Collaborative Editing & Networked Performance

Gibber enables users to engage in collaborative editing sessions that can also be used for networked performance. A collaborative editing session can be started between any two users in Gibber's chatrooom. The steps are as follows:

  1. If you don't already have a Gibber user account, you can make one by hitting the 'please login' link in the upper lefthand corner of Gibber's interface.
  2. Once you are logged in, hit the 'chat / collaborate' button in Gibber's menubar.
  3. Click on a chatroom (currently there's only ever one) to enter it in the resulting column.
  4. In the chatroom, click on any users name to begin editing with him / her. In the screenshot below, user 'charlie' (let's call him user A) has clicked on the name of user 'gibber' (user B). Beginning a collaborative editing session
  5. The next step is to choose a column you would like to share with the user you have clicked on. Each code column is identified by an id # in the left corner of its column header. This is the number you choose in the 'Collaborate on Column ID#' menu shown in the screenshot above.
  6. The next checkbox is 'Enable remote code execution'. If you check this box, Gibber will ask your collaborator to grant you permission to execute code on their computer.
  7. After clicking on the 'Share' button, your potential collaborator (user B) will see the following:  Collaborator response to shared editing request
  8. Note the three options. If the first option is selected by user B, a collaborative editing session will be started using the code that user A selected. However, neither user will be able to remotely execute code on the other user's computer. This option is enables, for example, teachers to debug code on student computers.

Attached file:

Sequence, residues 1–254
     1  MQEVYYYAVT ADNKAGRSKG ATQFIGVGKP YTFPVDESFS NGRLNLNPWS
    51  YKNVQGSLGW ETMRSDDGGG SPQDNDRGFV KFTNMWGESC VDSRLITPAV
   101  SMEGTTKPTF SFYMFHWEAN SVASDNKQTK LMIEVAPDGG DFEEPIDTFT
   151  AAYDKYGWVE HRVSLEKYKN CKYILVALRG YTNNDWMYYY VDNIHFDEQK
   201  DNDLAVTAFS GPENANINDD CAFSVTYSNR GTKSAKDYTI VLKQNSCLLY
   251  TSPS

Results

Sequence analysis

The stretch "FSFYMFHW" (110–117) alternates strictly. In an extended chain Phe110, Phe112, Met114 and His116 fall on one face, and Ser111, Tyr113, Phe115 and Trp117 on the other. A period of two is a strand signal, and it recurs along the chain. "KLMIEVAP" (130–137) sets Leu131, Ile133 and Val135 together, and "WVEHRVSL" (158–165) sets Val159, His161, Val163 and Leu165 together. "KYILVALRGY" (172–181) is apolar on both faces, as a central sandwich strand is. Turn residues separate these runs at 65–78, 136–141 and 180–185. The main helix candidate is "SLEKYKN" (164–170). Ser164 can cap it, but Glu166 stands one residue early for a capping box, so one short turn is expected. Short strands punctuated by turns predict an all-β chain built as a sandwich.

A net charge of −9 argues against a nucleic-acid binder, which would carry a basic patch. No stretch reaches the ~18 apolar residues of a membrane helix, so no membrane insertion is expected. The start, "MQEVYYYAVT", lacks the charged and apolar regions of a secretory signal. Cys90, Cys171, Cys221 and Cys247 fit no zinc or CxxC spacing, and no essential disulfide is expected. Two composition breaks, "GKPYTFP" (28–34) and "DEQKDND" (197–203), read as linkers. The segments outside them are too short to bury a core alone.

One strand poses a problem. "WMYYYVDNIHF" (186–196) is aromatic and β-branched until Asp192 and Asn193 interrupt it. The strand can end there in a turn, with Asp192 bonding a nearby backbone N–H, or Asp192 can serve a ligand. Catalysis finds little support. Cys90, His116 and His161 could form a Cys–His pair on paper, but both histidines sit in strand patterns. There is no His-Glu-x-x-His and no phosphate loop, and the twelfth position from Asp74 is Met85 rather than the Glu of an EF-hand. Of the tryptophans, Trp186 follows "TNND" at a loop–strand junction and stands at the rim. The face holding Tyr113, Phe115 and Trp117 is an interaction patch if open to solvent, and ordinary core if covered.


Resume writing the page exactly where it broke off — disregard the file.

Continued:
9. The second option starts a collaborative editing session on the column chosen by user A, and also allows both users to execute code both locally and remotely on the other user's computer. Remote code execution is triggered with Ctrl+Shift+2 (easier to think of as Ctrl+@). Upon receiving code to be executed, execution is delayed to the start of the next musical measure.
  10. The final option prohibits starting a joint editing session.

If user B accepts the joint editing, user A will see the following message:

 Collaborator response to shared editing request

User B should now see a new code column displaying the code user A has selected for joint editing.

Strategies for Networked Performance

In practice, joint editing of a single column seems slightly impractical for performances, although it is possible to do. Problems occur when one user adds text and in doing so, effectively changes the position of text that the other user is editing. This is particuarly problematic when large blocks of text are copied and pasted.

A better method is to share not one, but two columns, and have each performer primarily limit themselves to editing one of them. Two-column editing with chat seems to be a reasonable configuration for performance.

Gibber has explored other options for networked performance in the past. A number of group performances have been conducted where users type code on their individual laptops and then send it to a central machine for display. This allowed users to audition material on their personal laptops before they send it to the central computer for audiovisual projection. In another performance, users sat in the audience with their laptops (in the style of the group powerbooks unplugged) and passed code fragments around to each other. In the style of the Exquisite Corpse, each fragment was modifed by each user before being sent on to the next and executed. If you are interested in other styles of networked performance using Gibber, please let me know! I would like it to be extensible enough that it can be easily used with a variety of group performance strategies.